How to spot Anemia at home?

Submitted by Fantestico on Wed, 01/12/2022 - 12:01.

decreased red blood cells in complete blood count (CBC) testAnemia is a condition in which you lack enough healthy red blood cells to carry adequate oxygen to your body's tissues. Having anemia can make you feel tired and weak, have headaches and brain fog, cold hands and feet, and even shortness of breath. Almost 6% of the U.S. population is affected by anemia. Women, young children, and people with long-term diseases are more likely to have anemia. There are hundred’s types of anemia that can be divided into three main causes: 

  • blood loss,
  • decreased or faulty red blood cell production, and
  • destruction of red blood cells

Often, the first test used to detect anemia is a complete blood count (CBC). The CBC measures many parts of your blood, including your hemoglobin and hematocrit levels. Hemoglobin is an iron-rich protein in your red blood cells that carries oxygen in your body. Do you know how to spot anemia at home?

Losing red blood cells can happen through bleeding, which can be caused by a trauma or post-surgery or women with a heavy period (called heavy menstruation). But bleeding can also happen slowly due to Gastrointestinal conditions such as ulcers, hemorrhoids, inflammation of your stomach (gastritis), and cancer. If you start feeling anemic and have its symptoms, it is important to check if you have slow bleeding. Non-steroidal anti-inflammatory drugs (NSAIDs) such as aspirin or ibuprofen can cause ulcers and gastritis. To find more on cancer screening tests, you can read our previous post.

In Anemia caused by decreased or faulty red blood cell production, it is important to check by your doctor or at home the level of Ferritin and iron. Ferritin is a protein in your blood that contains iron and is a good indicator of how much iron is stored within your body—about ¼ of your total iron in your body is stored by Ferritin. If your Ferritin is low, you might have Iron-deficiency anemia. Other tests for Iron-deficiency anemia are Transferrin and TIBC tests. Transferrin is a protein that moves iron throughout the body, and TIBC (Total iron-binding capacity) measures how well iron attaches to transferrin and other proteins in your blood. Another type of anemia caused by decreased or faulty red blood cell production is called Vitamin-deficiency anemia. In this type of anemia, certain vitamins, mainly Vitamin B9 (folate/folic acid) and Vitamin B12 (cobalamin), are missing in your body and probably in your diet. B12 and Folate home lab testing is a great way to spot Vitamin-deficiency anemia.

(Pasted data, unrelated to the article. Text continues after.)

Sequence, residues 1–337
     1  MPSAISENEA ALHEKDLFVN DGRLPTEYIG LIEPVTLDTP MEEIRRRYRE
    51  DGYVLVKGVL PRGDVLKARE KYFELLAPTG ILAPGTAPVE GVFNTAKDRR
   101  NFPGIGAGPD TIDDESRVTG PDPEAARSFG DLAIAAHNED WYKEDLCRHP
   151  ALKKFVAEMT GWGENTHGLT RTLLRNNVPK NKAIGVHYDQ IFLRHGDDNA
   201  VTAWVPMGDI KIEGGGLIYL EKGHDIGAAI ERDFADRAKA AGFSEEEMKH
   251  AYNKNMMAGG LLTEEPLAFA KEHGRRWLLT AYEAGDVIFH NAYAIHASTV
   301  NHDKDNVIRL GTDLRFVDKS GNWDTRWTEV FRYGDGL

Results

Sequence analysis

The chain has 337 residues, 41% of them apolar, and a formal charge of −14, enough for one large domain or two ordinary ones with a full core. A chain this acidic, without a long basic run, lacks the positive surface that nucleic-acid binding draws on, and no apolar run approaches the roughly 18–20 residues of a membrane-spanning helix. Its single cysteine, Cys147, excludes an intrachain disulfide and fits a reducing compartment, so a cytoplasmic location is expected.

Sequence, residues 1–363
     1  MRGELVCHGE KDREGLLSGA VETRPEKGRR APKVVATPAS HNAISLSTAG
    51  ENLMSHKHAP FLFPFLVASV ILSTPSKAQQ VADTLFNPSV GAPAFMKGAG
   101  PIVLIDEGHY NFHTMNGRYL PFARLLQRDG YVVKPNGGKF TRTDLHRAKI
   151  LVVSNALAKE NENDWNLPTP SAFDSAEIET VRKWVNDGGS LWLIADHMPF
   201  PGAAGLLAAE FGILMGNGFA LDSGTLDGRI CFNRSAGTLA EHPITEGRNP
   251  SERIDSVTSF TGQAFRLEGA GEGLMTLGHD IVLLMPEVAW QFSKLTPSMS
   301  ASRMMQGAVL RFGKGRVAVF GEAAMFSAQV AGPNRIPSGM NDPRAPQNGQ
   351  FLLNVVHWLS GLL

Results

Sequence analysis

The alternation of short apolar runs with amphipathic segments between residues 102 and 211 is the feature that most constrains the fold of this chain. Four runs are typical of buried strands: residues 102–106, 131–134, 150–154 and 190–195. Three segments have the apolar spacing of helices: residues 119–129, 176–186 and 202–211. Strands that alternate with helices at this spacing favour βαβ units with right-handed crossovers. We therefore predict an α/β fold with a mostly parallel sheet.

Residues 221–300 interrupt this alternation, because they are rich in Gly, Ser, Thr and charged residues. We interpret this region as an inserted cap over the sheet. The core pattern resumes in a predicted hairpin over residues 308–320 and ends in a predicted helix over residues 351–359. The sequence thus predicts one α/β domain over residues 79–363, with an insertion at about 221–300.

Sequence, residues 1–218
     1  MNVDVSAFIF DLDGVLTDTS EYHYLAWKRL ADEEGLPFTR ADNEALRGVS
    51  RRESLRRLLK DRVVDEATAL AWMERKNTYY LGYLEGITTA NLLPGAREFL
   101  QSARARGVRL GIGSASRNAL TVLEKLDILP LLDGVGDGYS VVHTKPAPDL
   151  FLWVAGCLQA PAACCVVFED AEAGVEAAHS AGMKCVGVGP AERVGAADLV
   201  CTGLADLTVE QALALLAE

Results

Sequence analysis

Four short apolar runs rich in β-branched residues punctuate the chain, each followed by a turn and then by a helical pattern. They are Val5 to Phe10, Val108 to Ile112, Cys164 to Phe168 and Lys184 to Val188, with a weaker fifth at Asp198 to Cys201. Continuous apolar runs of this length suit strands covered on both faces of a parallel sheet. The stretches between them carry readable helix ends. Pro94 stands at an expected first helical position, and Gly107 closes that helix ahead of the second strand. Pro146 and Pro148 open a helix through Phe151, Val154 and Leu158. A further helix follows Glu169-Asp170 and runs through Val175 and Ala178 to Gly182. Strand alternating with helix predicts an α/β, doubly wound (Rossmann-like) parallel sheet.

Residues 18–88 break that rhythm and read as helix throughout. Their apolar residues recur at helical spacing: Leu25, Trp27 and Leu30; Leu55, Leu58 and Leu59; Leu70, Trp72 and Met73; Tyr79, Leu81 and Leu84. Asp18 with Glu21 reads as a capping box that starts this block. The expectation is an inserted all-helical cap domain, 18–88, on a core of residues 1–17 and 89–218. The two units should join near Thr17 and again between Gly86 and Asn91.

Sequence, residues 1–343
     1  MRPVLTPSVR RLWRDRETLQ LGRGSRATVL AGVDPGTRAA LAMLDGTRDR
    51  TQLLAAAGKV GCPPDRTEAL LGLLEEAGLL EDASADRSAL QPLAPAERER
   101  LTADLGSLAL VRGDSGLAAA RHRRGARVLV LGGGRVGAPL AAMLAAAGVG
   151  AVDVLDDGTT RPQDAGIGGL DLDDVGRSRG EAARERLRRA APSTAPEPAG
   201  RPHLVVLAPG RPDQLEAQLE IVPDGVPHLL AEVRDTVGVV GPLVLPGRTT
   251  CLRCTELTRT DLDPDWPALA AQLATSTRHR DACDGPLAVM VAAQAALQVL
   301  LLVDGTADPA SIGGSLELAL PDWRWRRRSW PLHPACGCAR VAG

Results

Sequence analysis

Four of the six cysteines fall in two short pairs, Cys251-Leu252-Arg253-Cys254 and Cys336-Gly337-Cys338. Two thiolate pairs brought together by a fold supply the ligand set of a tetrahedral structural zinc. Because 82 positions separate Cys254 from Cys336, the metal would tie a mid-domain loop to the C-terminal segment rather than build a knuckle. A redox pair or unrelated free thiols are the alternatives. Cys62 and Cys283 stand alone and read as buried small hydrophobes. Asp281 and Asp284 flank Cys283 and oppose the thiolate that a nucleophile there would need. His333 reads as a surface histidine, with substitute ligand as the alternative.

Bone marrow and stem cell problems may also prevent your body from producing enough red blood cells. This can be due to your genes, as seen in Thalassemia and Sickle Cell Anemia. Thalassemia is a genetic problem with hemoglobin formation (4 chains aren't correctly formed) and generates very small red blood cells- It’s a genetic disorder that usually affects people of Mediterranean, African, Middle Eastern, and Southeast Asian descent. Sickle cell anemia is a disorder that, in the U.S., affects mainly African Americans and Hispanic Americans and causes the blood cells, which are usually round, to become crescent-shaped. Another reason can be because your bone marrow has been injured by medications, radiation, chemotherapy, or infection or by multiple myeloma or leukemia. If your iron deficiency and vitamin deficiency home testing are fine, consult with your doctor. Sometimes Lead poisoning can cause anemia as well. Lead is toxic to your bone marrow, causing you to have fewer red blood cells. A lead toxicology test can eliminate that possibility.

Finally, anemia caused by the destruction of red blood cells, or hemolytic anemia, is when your red blood cells are fragile and burst while traveling in your body. This can happen in an autoimmune diseases like Lupus, other genetic disorders, spleen problems or toxins from liver and kidney diseases. Again, if you found by a CBC test that you have severe anemia, eliminated all possible bleeding conditions, tested the common iron deficiency, vitamin-deficiency, ask your doctor to check the other many reasons for anemia—do not ignore it.